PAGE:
A pig in time saves a rhyme

 

A pig in time saves a rhyme

 

Lot 144 in our Cornish Art and Fine Art Sale is a fantastic hardback guest book owned by artists Houghton Birch and her husband Sammual John 'Lamorna' Birch.

 

 


 

 

When visits, dinners, luncheons end, 

This book is brought to every friend. 

One is not asked fine prose to write, 

Or yet a poem to indite: 

One only needs his eyes to close 

And draw a pig, from tail to nose.  

 

This outline now fill with ink, 

Leave pig an eye, his tail a kink.  

 

 


 

 

These are the wonderful words of Florence S Sahler, the author of the the guest book. However, in this case it is not the author that makes this particular book so intriguing. It is the owners and the artists that signed it that makes it a wonderfully fun and also important part of Cornish art history.  

 

 

 

 

 

The hardback book belonged to Elizabeth Lamorna Kerr, known as 'Mornie' and was gifted to her by her mother Houghton Birch prior to WW1. It is an amusing alternative to the conventional guestbook, as it required guests to draw a pig whilst blindfolded.  

Mornie, her mother Houghton and her sister Joan and particularly her father Samuel John 'Lamorna' Birch were all critically acclaimed artists and an integral part of the Newlyn and Lamorna art colonies. Mornie was born at Flagstaff Cottageon the cliffs above Lamorna Cove in Cornwall, where this guestbook was started in 1912.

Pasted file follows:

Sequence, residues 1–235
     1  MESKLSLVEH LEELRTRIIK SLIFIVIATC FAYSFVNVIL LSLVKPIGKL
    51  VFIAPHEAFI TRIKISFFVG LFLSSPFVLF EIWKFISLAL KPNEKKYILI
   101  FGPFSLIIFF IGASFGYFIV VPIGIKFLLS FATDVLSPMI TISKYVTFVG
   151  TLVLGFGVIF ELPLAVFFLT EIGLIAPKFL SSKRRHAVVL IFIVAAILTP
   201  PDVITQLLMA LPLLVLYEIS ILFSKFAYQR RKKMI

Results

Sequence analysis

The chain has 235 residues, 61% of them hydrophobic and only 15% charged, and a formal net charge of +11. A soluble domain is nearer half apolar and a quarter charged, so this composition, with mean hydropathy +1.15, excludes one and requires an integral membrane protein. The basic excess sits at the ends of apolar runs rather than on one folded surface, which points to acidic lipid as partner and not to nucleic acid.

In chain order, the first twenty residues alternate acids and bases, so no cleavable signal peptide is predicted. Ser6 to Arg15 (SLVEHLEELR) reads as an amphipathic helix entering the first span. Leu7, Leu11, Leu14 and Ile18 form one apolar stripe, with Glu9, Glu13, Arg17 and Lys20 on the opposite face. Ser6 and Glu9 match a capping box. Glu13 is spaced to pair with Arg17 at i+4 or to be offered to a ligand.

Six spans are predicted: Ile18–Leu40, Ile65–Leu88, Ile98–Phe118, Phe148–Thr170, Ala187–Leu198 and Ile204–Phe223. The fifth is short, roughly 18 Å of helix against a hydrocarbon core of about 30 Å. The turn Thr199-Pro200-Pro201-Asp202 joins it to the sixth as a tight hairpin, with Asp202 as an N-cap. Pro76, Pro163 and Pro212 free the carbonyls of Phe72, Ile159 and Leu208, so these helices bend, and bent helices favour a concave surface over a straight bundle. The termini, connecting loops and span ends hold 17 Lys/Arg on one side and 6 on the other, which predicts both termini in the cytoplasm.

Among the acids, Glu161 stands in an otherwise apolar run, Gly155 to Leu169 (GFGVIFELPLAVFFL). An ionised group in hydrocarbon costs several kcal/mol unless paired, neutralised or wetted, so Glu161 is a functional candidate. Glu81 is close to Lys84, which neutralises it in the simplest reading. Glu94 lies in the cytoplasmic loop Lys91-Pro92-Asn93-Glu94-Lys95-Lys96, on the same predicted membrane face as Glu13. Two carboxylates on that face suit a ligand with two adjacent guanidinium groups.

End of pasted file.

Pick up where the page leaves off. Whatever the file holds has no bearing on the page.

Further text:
This book is an especially charming piece of artistic history, as it is filled with the comical porcine sketches of many well-known artists of the Newlyn School and Lamorna artists' colony, who passed through Flagstaff Cottage as the guests of Samuel John Lamorna Birch and his family. Guests who have drawn in this book include Laura Knight, Harold Harvey, the Sidgwicks, Robert Morson & Eleanor Hughes, Gilbert Evans and many others. All artists that Mornie would sit for and she and her sister Joan, would watch them come and go from the cottage as a young girls. 

 

Lamorna Birch (1869–1955), and His Daughters 

by Laura Knight (1877–1970) 

 

Flagstaff Cottage still stands there today and looks out upon the beautiful cove of Lamorna. The cottage, along with this book, will remain as a reminder of a flourishing local arts scene of the past, and the wonderful characters and artists that passed through, painted here and created a unique artistic history.

 

We would love you to share your attempts to draw the pig blindfolded and see how they match up to the artists who signed this book. Why not give it a go and show us on your Instagram and Facebook stories, tag us so we can share them!  

 

 


 

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